Campbell argued that when focused on deterrence by detection, the role of layered ISR changes in the various operational phases of what one might consider a deterrent process or perhaps continuum. The slide below was how Campbell visualized the phases or continuum.




He put his assessment this way: “While deterrence by detection can deliver strategic effects, deterrence is also effective in phase zero and phase one operation by leveraging quality ISR information when carefully coordinated with the public and classified use of that information.


“In early phases, the full force of diplomatic, economic, and public information efforts can be brought to bear. Once combat operations have commenced, the scope of those options are significantly reduced and the effectiveness of deterrence by detection is clearly significantly reduced.


“Detection operations can serve to suppress the effectiveness of gray zone operations by enabling public and international community awareness. And when necessary, the ability to use non-military responses.”


He warned that “there is a risk that we will collect too much, or low fidelity data. To be effective Australia and our allies need better ways to turn the collected data into actionable intelligence….


“And there is a risk that the intelligence community won’t make the important information public. Balancing the need to protect versus the need to create deterrence will be challenging, but we need to do so for deterrence to be effective.”


In his assessment, Australia is building out the kind of layered ISR capability necessary for the art of deterrence by detection. He visualized the notion of layered ISR as follows:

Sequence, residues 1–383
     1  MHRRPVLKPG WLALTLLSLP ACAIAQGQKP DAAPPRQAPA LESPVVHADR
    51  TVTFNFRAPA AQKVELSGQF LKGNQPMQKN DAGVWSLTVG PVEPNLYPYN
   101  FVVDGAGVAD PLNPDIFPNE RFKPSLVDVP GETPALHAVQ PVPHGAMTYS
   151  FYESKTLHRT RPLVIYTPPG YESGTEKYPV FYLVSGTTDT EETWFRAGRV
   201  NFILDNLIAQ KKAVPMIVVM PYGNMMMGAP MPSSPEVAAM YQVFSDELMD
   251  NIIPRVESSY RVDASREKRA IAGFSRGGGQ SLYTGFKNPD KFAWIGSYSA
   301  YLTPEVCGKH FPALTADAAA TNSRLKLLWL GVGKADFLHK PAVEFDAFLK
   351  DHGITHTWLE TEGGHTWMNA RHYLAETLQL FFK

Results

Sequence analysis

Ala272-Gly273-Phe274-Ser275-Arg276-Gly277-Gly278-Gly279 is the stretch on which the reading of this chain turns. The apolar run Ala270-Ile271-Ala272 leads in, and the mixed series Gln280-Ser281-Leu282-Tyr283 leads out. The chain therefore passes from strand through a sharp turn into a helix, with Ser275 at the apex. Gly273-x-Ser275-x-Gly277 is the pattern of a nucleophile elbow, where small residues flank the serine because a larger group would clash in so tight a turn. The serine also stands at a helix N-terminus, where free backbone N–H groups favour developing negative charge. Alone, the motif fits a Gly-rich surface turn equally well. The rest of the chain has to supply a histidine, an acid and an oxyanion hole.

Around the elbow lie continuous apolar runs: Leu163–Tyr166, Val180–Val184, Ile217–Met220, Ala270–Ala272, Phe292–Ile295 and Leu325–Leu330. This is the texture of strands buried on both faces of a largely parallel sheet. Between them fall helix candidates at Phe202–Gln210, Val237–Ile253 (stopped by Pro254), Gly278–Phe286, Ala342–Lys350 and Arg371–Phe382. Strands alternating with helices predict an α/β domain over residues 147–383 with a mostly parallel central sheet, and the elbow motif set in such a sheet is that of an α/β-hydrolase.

He underscored that “critically layered ISR must be backed by a responsive sophisticated intelligence capability that can exploit the ISR product quickly to enable selective public release of information and shine a light on aggressive gray zone tactics or conventional force posture changes.”


Campbell concluded that the evolution of layered ISR and its role in deterrence was a key area for industrial-government collaboration, cooperation and successful delivery of ongoing capabilities.


“Deterrence resilience will depend upon industry’s ability to field advanced sensors and platforms quickly and efficiently. Digital engineering has much to offer here. But we also need to find better ways to rapidly reconstitute capabilities. And I’m not just talking about low end capabilities; we need to be able to reconstitute our high-end capabilities quickly. Industry also has a role in making the ISR layers more robust through new concepts for ISR, backed by resilient communications pathways. And I encourage defense and the services to include industry as you start to develop new thinking.”